Re-Wired: great stories you might have missed
Recent highlights in research news include: Building blocks of Life seen in a distant dwarf star; Giant flying reptiles in ancient Transylvania; How aspirin may thwart rectal cancer; A massive undersea landslide; Fighting MRSA with a sea sponge; and How to win an Oscar.
See more picks from our staff here
The creature has a considerably shorter and stronger neck with larger muscles than the long graceful necks of others in its species.
A collaborative study involving Brookhaven, MIT, the Harvard-Smithsonian Center for Astrophysics, and the National Museum in Rio de Janeiro suggests the gas cloud from which our solar system formed lasted about 4 million years.
Team discovers object in the constellation Boötes with carbon, nitrogen, oxygen and hydrogen.
For the first time, theoretical physicists from the University of Basel have calculated the signal of specific gravitational wave sources that emerged fractions of a second after the Big Bang.
Strokes are usually, but not always, debilitating. This case report documents the extraordinary resilience of a woman in Argentina who endured multiple strokes.
Studies abound that point to a role for plain old aspirin in keeping deadly cancers at bay. While aspirin is not yet part of mainstream treatment for any cancer, it is recommended by the U.S. Preventive Services Task Force for certain adults to help prevent colorectal cancer.
A compound extracted from a deep-water marine sponge collected near the Bahamas is showing potent antibacterial activity against the drug resistant bacteria methicillin-resistant Staphylococcus aureus (MRSA) also called the “super bug.”
Close friendships facilitate the exchange of information and culture, making social networks more effective for cultural transmission, according to new UCL research that used wireless tracking technology to map social interactions in remote hunter-gatherer populations.
James Cook University scientists have helped discover the remnants of a massive undersea landslide on the Great Barrier Reef.
A research report published in Clinical Epigenetics, suggests that epigenetic mechanism based drugs could become one of the treatment armamentarium of future anti-diabetic agents.
Inspired by the hair of blue tarantulas, researchers from The University of Akron lead a team that made a structural-colored material that shows consistent color from all viewing directions.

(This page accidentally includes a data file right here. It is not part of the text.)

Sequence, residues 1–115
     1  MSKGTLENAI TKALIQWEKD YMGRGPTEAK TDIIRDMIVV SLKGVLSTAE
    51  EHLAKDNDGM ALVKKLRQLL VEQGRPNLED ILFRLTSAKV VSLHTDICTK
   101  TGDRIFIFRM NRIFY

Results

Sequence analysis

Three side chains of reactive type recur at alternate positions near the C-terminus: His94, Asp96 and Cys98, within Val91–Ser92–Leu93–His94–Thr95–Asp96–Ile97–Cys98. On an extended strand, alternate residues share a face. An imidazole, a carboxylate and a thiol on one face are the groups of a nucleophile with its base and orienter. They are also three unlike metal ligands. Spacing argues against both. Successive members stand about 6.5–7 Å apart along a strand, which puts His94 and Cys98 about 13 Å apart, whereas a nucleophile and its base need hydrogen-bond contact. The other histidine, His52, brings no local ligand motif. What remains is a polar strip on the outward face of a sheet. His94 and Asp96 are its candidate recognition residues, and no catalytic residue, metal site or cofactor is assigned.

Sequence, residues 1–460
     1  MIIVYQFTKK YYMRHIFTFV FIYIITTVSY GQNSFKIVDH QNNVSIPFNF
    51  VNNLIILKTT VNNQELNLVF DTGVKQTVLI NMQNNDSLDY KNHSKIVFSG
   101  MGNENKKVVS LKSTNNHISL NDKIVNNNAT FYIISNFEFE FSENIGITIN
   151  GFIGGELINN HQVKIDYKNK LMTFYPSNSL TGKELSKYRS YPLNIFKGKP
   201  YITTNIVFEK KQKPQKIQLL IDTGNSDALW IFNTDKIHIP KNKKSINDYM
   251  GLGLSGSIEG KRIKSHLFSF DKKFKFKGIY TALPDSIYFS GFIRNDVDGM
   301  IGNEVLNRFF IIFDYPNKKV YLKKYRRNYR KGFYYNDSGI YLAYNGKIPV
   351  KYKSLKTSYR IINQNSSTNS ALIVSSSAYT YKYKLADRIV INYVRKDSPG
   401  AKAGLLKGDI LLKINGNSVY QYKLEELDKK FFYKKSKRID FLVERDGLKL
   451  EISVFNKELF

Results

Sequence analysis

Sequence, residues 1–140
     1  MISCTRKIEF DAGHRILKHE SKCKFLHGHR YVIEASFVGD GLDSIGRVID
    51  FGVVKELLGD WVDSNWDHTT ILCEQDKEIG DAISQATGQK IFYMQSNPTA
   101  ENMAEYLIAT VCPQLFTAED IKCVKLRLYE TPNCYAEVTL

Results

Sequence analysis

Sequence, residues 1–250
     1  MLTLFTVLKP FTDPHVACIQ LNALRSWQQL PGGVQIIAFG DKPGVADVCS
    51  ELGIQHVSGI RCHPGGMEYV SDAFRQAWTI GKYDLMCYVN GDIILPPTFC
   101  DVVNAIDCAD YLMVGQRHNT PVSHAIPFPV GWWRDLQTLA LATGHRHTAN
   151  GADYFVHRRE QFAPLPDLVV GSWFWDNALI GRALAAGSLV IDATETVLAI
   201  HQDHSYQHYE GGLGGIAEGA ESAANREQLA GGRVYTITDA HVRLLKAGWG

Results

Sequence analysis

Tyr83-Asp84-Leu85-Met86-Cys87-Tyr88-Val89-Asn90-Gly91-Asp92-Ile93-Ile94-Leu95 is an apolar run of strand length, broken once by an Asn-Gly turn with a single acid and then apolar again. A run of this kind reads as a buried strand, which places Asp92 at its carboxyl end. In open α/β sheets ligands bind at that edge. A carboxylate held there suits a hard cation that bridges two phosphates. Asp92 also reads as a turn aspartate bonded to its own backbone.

Nature requires the right mix of biological ingredients to make a good scavenger.
Shakespeare said our lips were made for kissing and if you ask Texas A&M University Professor of Anthropology Vaughn Bryant about it, he’ll tell you all you need to know and more about this age-old pastime.
A new study probes the origins of carnivory in several distantly related plants — including the Australian, Asian and American pitcher plants, which appear strikingly similar to the human (or insect) eye.
Tax collections fell in a majority of states in the second quarter of 2016, ending seven straight quarters of growth in total state tax revenue. Despite the slump, the 50-state total and receipts in 27 states were higher than before their plunge in the Great Recession, after adjusting for inflation.
If you want to win an Oscar it is best to be an American actor in a film that portrays American culture.
Sitting may not be as deadly as previously thought, with new research led by the University of Sydney ruling out sitting as a direct cause of diabetes.
For women who marry later in life, a few extra pounds may accompany their nuptials, a new study led by the University of Arizona suggests. On the other hand, older women who go through a divorce or separation may lose weight and see some positive changes in their health, according to the research.
Aerial tree mortality surveys show patterns of tree death during extreme drought.
New study points to heart disease risk factor in menopausal women that could be caught early.
Dogs share food also in complex situations, but more likely with dogs they know.
New research shows that red-footed tortoises can remember the location of their favourite food sources and the biggest stashes for at least 18 months.